everyone in the county together and showcase the products of the
county . . . forget sectional lines and work shoulder to shoulder
to advance the interests of the county as a whole, and show
citizens living in friendship and neighborliness," a 1924 news
article said. A 1916 attempt to get a fair started had not caught
There were real
reasons to seek togetherness. The county had survived a period of
sharp divisiveness when there were a number of efforts by
provincial factions to divide Volusia County into two or even
three counties. The fair's mission was, in part, to heal and
factions are gone but the fair's core mission has survived, David
Viers said Tuesday. He manages the fair for the private fair
"I think that's still
pretty close to what we're doing," said Viers. "We show Volusia
County citizens the agricultural products produced in the county
and bring them together to have a good time in a safe
environment." Not only are agricultural products exhibited, but
also homemaking, crafts, art works and industry from across the
county are shown for visitors and local residents.
Robert Martin, an
employee of Deggeller Attractions and from Alabama, fixes the
lights on the Cliff Hanger ride Wednesday at the Volusia
County Fairgrounds in DeLand.
The fair has always
had two faces -- the show and the showcase.
The show is the
glitter, the music, rides, carnival, foods and attractions that
help draw visitors and pay for the showcase of exhibits and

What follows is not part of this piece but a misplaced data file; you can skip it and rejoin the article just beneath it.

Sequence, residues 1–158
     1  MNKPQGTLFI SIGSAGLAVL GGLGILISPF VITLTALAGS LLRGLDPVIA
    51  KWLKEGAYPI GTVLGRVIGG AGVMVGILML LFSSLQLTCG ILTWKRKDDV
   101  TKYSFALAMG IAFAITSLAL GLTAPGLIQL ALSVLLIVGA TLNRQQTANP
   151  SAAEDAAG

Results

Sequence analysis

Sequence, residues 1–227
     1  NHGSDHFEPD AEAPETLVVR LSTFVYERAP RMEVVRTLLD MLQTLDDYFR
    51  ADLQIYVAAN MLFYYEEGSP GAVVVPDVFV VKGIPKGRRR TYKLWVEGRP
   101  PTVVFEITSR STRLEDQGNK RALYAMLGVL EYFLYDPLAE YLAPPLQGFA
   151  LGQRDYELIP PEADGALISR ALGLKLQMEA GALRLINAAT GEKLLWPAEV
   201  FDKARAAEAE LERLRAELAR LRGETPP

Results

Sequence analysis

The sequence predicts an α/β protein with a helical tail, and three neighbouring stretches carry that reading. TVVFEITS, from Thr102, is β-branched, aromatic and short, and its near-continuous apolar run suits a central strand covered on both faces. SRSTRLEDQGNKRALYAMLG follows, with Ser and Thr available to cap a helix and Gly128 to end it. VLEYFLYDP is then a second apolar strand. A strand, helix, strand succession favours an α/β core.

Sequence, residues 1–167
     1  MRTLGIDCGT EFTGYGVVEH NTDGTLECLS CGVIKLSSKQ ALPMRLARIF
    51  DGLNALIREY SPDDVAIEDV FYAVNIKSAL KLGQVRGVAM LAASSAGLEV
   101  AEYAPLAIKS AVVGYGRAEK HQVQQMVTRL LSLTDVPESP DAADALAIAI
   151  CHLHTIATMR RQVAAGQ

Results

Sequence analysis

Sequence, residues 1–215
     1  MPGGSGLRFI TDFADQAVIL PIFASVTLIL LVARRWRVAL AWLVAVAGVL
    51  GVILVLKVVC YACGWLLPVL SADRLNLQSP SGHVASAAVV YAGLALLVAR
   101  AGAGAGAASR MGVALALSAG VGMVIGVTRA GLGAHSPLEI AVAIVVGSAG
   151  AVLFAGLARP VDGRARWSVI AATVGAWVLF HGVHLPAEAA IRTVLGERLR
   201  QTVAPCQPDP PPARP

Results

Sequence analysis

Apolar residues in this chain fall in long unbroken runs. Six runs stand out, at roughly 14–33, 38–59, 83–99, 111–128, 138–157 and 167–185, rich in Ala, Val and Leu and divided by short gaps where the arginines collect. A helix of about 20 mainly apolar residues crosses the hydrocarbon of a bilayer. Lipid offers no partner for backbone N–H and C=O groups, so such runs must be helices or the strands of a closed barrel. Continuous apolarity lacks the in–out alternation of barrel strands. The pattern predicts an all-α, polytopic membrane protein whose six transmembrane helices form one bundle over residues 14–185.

products of home and farm and industry that win ribbons and
In the early years,
schools all over the county were closed for at least one day of
the fair and children were bused to the fairgrounds to see their
school's exhibits and take in the sights. In some cities,
businesses closed their doors at noon on opening day. There was
free bus service to the fair and families would bring a picnic
lunch and spend the entire day.
"It was a big day,"
said Corky Dannals, DeLand, who visited the 1930s fair when she
was a child. "You didn't have to go to school that day, you know?
It was really something to look forward to.
"I remember all those
different smells. Popcorn, cotton candy, hot dogs. I think of the
bright colors and the happy sounds and the music, the
merry-go-round and Ferris wheel music."
Olgar Roderick was
the "Bearded Lady" with the Johnny J. Jones circus sideshow on
the midway in this promotional copy from Feb. 16, 1932.
of "World's Fattest Family."
In the early years,
the nation's largest carnival outfit, Johnny J. Jones Shows,
filled the fairgrounds with rides and shows.